David Gledhill Revisits His Youth At Kirkby's Huyton Gallery

By Corinne Field | 20 February 2004
Shows a painting of a bungalow and its front garden at night. There is a garage attached at the right of the building and several trees and bushes to the far right of the picture.

Photo: 54 - oil on canvass, 2003 92 x 122 cm by David Gledhill © the artist.

All the Things We Saw is an exhibition of paintings by David Gledhill on show at Kirkby’s Huyton Gallery until March 14.

They are landscape paintings but not in the traditional sense.

"This exhibition features paintings of my home town in the Midlands," he says. "These are the houses, shops and small factories near to where I lived during the first twenty years of my life and which featured along the route of walks I would take with my mother on visits home."

There is nothing particularly special about the place that Gledhill grew up. A housing estate of bungalows, streets with ordinary shops and factories - it could be almost any small town in Britain.

"Whilst the buildings are in no way extraordinary, the associations we attach to the setting of our childhood years make them significant for me and perhaps typical of many people’s experience," he says.

Shows a painting of a bungalow and its manicured front garden with a line of pruned bushes in the foreground. There is a blue tinge to the painting.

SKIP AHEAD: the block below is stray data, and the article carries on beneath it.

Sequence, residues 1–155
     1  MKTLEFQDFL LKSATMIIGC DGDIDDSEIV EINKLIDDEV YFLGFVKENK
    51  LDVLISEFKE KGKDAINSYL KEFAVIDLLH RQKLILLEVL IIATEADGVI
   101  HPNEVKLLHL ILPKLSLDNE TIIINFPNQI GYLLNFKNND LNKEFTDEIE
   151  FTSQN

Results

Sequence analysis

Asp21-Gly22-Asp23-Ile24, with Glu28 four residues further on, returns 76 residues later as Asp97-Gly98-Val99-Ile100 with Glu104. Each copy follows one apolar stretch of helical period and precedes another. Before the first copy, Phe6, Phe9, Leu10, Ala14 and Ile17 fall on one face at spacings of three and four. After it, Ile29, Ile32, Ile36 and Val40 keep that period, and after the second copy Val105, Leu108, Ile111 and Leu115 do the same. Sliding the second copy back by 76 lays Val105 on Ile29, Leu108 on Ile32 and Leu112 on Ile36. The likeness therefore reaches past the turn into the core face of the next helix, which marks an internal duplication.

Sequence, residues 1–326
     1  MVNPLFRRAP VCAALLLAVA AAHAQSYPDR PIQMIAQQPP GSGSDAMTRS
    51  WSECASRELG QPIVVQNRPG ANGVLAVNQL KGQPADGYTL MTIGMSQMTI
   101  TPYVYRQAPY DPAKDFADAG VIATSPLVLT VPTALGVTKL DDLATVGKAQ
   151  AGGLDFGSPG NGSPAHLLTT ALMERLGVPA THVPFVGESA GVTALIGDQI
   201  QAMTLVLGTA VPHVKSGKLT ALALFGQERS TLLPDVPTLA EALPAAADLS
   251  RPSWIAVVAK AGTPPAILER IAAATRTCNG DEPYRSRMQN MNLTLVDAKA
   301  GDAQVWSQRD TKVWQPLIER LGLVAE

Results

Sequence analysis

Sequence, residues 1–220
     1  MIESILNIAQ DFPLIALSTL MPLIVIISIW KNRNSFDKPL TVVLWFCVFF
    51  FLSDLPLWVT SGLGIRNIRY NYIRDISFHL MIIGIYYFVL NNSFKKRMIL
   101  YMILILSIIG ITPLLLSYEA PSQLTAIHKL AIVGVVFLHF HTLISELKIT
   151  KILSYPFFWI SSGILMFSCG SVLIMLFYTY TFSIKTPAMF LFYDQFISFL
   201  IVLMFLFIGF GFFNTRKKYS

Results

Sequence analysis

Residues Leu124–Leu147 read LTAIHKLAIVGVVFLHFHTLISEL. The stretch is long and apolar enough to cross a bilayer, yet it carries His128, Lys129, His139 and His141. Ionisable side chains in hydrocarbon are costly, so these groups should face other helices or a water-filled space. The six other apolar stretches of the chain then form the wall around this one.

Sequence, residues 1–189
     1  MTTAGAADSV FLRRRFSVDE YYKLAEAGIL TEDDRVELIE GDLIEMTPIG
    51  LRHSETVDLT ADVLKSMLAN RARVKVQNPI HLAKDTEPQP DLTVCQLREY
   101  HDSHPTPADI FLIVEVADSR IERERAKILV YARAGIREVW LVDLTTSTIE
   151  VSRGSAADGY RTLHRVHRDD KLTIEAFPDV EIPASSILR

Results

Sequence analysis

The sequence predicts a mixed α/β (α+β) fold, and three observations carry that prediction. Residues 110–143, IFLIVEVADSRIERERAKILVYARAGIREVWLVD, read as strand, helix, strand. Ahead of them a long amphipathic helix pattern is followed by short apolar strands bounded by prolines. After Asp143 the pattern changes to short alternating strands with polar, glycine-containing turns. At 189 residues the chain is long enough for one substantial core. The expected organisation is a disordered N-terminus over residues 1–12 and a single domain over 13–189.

Photo: 46 - oil on canvass, 2003 170 x 240 cm by David Gledhill © the artist.

Gledhill describes his paintings as a blend of conventions and techniques from the history of painting and photography. His aim with these recent works was to find a way to convey the strange contradictions between memory and the living reality of a place.

The subject matter may lack the grandeur of the great outdoors and the wild rugged beauty of nature explored by the Impressionists two centuries ago. But Gledhill’s paintings are true to 21st century experience and reflect the environment that many of us call home.

"With my current work I am interested in exploring apparently mundane or overlooked elements of our visual field in an attempt to reinvest day to day experience with aesthetic content," he says.

David Gledhill, a fine art graduate, lives and works in Manchester. His recent exhibitions include Cedar Avenue at Manchester’s Comme Ca Gallery, Thermo 03 at The Lowry and Look To This Day at Castlefield Gallery. He currently teaches at the University of Central Lancashire and contributes regularly to City Life Magazine and to various artists’ projects.

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